Large piles of clippings can block out water and light, as well as encourage insect, so be sure to distribute the clippings carefully.
Why do lawn mowers have side discharge?
Side discharge has a number of advantages. The blades move quite quickly, providing efficient, even cuts, and the air circulation is superior since the clippings are immediately blown out of the side. This makes it easier to cut tall grass and weeds without worry of the engine choking and it also lets you easily cut wet grass.
Which is better side discharge or rear discharge mower?
When it comes to distributing grass clippings, a rear discharge mower will actually provide a more efficient, spaced spread then you would get with a side discharge mower. You can still distribute evenly with side discharge, but you need to make sure that you are always sending the clippings to the area that you just mowed.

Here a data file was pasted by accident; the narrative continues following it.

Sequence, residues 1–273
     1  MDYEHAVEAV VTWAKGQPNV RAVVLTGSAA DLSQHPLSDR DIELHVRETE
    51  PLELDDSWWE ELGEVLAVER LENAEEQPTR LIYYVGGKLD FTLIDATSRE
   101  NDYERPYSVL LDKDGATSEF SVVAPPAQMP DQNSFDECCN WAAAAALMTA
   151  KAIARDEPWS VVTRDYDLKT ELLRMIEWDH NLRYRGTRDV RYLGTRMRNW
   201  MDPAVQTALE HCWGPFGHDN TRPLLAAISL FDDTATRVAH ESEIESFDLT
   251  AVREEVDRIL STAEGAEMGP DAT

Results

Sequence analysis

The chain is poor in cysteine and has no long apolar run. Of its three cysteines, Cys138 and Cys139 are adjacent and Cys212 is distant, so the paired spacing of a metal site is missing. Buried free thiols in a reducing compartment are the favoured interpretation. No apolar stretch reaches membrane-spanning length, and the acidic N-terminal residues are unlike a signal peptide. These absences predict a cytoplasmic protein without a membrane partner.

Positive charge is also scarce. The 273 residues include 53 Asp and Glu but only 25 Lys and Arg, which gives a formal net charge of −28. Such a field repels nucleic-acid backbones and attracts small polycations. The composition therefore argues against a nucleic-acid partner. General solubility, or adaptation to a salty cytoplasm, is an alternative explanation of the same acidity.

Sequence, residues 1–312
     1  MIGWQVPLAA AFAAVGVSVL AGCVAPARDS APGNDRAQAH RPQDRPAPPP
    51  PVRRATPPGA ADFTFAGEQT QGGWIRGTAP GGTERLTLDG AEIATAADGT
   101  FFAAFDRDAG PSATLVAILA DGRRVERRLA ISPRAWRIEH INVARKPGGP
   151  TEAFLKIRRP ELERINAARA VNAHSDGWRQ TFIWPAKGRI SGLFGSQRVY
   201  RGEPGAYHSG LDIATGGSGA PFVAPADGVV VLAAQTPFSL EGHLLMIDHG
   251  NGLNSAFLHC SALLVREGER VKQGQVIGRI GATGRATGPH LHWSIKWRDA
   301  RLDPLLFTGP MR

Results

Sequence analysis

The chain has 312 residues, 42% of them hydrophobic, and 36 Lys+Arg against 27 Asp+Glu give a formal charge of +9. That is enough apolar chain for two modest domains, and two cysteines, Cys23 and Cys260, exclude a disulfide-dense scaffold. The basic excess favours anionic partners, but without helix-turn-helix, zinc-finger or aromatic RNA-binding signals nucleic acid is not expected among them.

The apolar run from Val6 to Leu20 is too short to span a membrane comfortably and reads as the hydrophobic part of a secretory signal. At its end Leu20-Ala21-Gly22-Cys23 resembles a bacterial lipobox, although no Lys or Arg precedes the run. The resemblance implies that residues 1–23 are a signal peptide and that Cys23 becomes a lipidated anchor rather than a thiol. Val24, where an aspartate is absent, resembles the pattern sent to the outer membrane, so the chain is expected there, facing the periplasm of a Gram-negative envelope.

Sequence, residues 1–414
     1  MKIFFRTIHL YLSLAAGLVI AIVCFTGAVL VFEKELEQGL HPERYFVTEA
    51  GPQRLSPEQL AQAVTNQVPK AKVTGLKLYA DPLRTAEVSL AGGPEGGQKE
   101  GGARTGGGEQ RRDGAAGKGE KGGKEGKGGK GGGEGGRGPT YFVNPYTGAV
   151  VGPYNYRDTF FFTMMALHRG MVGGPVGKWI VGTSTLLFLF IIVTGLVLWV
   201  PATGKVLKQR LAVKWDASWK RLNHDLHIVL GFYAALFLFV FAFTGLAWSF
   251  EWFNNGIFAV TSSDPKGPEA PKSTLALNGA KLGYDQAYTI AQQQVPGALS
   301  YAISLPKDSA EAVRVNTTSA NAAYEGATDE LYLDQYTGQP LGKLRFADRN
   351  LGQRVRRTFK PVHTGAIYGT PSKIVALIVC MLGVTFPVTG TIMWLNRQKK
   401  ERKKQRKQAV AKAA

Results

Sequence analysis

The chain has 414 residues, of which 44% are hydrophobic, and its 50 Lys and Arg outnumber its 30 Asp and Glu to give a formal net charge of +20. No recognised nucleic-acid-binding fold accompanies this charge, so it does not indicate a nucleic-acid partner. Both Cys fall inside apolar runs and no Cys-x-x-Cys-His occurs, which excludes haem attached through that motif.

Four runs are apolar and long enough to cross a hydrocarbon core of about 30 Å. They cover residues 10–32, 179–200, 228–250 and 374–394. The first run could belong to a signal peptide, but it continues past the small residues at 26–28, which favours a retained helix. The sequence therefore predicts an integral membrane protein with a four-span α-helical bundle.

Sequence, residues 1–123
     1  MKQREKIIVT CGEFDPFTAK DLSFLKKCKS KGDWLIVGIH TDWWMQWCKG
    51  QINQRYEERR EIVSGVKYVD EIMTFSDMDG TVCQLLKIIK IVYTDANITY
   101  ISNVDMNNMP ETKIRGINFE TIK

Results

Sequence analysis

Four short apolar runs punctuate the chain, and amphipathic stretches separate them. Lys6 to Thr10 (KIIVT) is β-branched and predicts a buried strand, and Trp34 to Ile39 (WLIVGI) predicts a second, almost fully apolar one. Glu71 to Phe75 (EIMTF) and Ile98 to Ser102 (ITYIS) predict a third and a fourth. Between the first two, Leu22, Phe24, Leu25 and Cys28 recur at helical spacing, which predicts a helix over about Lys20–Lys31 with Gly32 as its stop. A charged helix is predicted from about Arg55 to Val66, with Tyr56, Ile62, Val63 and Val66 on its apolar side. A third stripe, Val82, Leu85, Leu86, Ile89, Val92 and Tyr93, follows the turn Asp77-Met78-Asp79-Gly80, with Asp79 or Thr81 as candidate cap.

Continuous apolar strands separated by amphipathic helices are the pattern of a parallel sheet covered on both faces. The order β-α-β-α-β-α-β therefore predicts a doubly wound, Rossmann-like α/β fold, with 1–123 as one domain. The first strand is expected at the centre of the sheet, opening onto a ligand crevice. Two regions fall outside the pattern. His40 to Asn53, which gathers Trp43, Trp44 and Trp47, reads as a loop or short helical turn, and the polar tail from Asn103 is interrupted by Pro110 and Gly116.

Hi, I’m John Stephens, chief editor and writer for Totalgardener.com. I’ve been gardening and raising animals for over 15 years starting with a small backyard plot in Northern Virginia where I grew corn, potatoes, squash, and using a high mulch technique called the Ruth Stout Method. I also raised ducks and small mammals for meat and eggs in a movable pen similar to the ones used by Joel Salatin. I later moved to Colorado where I experimented with growing greens using aquaponics inside. I eventually added a microgreens setup and home sprouting operation. I’m excited to share everything I’ve learned plus more from the other local gardening and animal raising experts I know.